Controversial $140m village backed by Kalgoorlie-Boulder council amid plans to revisit sale of land with Aboriginal heritage site

Controversial $140m village backed by Kalgoorlie-Boulder council amid plans to revisit sale of land with Aboriginal heritage site
  • PublishedDecember 20, 2023

Two controversial plans to ease housing shortages in Western Australia’s mining heartland, including a $140 million lifestyle village for “essential workers” that attracted 82 objections, are a step closer after winning the support of City of Kalgoorlie-Boulder councillors.

The lifestyle village, which could see up to 100 new modular homes built in the first stage over 18 months, comes amid estimates that Kalgoorlie-Boulder needs up to 4,000 new dwellings over the next decade.

With more than 2000 job vacancies being advertised in the region, the mining city is also grappling with an immediate shortfall of 168 properties.   

Councillors voted 6-1 at Monday night’s ordinary council meeting to support the Rowe Group project on a 16-hectare site off Hart Kerspian Drive, which would comprise 397 new modular dwellings. 

The final say belongs to the state government’s Joint Development Assessment Panel (JDAP), with new planning reforms requiring projects above $7 million to be assessed. 

Eighty-two objections, out of 89 public submissions, included concerns the village would promote fly-in, fly-out work practices, offer a lower standard of living than traditional houses, property values would fall and higher traffic volumes. 

A design for a proposed new sub-division in Kalgoorlie-Boulder.
Plans for the proposed lifestyle village. (Supplied: City of Kalgoorlie-Boulder)

Concerns over traffic flow

Mayor Glenn Wilson is hopeful the lifestyle village will make a significant dent in accommodation shortages.  

“We are constantly pushed as councillors to look at housing,” he said. 

“This is an opportunity to progress something quickly, and while the lifestyle village may not be everyone’s cup of tea, it allows more people to come into our city and fill roles which are currently fly-in, fly-out. 

“We are looking at hospital staff, police officers, education staff … it’s going to be a lot quicker than bricks and mortar.” 

A man standing at a council meeting wearing his mayoral chains.
Kalgoorlie-Boulder Mayor Glenn Wilson. (ABC Goldfields: Jarrod Lucas)

Councillor Nardia Turner was the lone voice against the development, raising concerns about traffic volumes. 

“I can’t remember having this many submissions against something while I’ve been a councillor,” she said. 

A woman standing in front of an historic building.
Councillor Nardia Turner voted against the lifestyle village.   (ABC Goldfields: Jarrod Lucas)

Councillor Kyran O’Donnell, a former police officer and State MP, said he was concerned Kalgoorlie-Boulder could see roles which have traditionally been residentially-based become FIFO.  

“I spoke to high-ranking police in the north-west and they’re flying in police because there’s no housing up there,” he said. 

“We don’t want to have that here … we need it [more housing] but we’re not ignoring those residents’ concerns.” 

Land sale back on agenda

Councillors also voted unanimously at Monday’s meeting to begin public consultation for the sale of two parcels of land in Broadwood, covering a combined 36 hectares, including a registered Aboriginal heritage site.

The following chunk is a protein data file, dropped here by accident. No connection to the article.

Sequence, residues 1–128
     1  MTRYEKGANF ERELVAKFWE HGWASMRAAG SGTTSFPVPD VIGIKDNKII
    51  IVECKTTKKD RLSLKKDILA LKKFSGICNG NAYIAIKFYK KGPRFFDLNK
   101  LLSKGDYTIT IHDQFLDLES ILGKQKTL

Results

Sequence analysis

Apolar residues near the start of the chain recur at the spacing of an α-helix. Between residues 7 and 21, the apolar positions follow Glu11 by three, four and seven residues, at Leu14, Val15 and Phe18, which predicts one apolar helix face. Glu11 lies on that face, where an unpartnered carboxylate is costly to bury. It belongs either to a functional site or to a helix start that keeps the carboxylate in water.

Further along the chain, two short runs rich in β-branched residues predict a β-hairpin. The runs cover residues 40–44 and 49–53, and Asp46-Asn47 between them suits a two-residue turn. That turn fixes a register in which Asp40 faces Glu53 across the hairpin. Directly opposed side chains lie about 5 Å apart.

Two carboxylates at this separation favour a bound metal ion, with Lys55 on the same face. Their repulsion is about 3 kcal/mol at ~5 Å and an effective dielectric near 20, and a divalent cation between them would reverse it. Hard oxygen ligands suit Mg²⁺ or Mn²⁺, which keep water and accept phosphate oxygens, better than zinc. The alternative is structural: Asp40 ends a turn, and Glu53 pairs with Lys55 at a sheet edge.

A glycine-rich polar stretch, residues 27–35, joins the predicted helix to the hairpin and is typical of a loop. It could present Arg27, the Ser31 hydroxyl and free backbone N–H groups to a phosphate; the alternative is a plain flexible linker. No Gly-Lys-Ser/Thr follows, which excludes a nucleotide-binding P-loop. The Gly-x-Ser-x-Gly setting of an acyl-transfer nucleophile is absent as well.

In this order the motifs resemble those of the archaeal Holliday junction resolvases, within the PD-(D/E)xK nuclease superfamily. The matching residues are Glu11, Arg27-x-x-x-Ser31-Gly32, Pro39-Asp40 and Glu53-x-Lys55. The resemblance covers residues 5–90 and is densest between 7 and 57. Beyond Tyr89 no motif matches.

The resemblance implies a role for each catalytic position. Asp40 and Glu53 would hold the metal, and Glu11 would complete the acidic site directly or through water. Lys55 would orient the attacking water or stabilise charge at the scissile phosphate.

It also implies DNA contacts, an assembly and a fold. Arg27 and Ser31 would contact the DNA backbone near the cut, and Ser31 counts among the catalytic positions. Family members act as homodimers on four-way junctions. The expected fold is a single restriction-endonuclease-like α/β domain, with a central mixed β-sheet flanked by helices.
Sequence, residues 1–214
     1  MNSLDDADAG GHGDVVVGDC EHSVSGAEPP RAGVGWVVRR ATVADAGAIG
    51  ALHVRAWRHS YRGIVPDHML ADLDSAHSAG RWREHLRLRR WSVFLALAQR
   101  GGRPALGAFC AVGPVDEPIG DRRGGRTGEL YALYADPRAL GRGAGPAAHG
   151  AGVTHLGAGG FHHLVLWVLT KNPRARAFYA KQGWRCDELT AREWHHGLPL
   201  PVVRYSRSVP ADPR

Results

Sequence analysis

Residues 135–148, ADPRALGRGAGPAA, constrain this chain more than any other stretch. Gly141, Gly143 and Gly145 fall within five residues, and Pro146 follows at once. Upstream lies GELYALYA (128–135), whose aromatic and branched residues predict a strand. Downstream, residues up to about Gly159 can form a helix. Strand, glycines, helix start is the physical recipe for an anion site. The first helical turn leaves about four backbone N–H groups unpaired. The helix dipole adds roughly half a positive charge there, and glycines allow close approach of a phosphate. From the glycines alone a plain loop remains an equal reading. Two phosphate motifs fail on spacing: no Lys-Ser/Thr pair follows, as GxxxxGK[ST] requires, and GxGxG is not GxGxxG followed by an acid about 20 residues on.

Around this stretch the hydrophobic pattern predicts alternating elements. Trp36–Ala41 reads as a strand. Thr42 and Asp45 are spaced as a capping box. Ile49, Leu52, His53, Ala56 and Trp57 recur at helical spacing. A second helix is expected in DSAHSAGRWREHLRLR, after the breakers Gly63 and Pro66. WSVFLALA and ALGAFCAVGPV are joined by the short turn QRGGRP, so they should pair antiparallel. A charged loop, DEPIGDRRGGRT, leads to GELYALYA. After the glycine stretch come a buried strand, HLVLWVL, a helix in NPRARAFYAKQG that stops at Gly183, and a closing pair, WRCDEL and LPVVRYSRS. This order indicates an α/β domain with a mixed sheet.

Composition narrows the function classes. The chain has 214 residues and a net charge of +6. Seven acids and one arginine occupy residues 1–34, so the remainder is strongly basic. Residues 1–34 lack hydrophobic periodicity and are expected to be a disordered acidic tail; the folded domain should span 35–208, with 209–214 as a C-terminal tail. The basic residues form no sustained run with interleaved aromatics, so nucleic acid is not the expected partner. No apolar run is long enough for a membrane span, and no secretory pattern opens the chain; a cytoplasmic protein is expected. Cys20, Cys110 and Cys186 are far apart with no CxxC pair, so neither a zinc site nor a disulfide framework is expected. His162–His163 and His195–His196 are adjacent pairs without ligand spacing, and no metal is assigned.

Elected members previously voted 7-5 in April 2022 against the sale of the land to developers M Group, which would have netted the city more than $9 million. 

The heritage site, known as Gubrun Camp, was outside of local municipal boundaries established during the 1890s gold rush, when Aboriginal people were not allowed within the townsite after sunset.  

Local elder Brian Champion Senior has said it was used by the Kalamaya Gubrun people as a camping area until the mid-1960s.  

Any future development would require approval from the Aboriginal Affairs Minister.  

Aboriginal elder wearing a black at and jacket standing in a bush block
Brian Champion Senior has been strongly opposed to the sale of land which contains a registered Aboriginal heritage site.   (ABC Goldfields-Esperance: Giulia Bertoglio)

During public question time at Monday’s meeting Mark Champion told councillors his father Brian Champion Senior is the “only surviving knowledge holder” for the heritage site.  

“A previous proposal to sell the land was defeated because my father spoke out,” he said. 

“It is deeply disappointing that council is now trying to revisit the matter. 

“My father strongly opposes any development of this land, other than recognising its cultural significant to Aboriginal people.” 

He told the meeting any property developer would need to consult with the Marlinyu Ghoorli native title claimants, who have been progressing through the Federal Court since 2017, but are yet to have a formal determination of native title.  

Court documents, via the National Native Title Tribunal, list Mr Champion Senior as the lead applicant for the native title claim.  

Monday’s council vote included a proposal to quarantine up to 5 per cent of any land sale towards the preservation of Aboriginal cultural heritage on the Broadwood site.   

Councillor Terrence Winner said it could be as high as $1 million depending on the sale price.  

The push for additional housing comes as the City’s director of development and growth Alex Wiese reported to council that Kalgoorlie-Boulder has a current undersupply of at least 168 dwellings. 

He said more than 2,000 jobs are currently being advertised in the region, and there is demand for up to 4,000 new dwellings over the next 5 to 10 years.  


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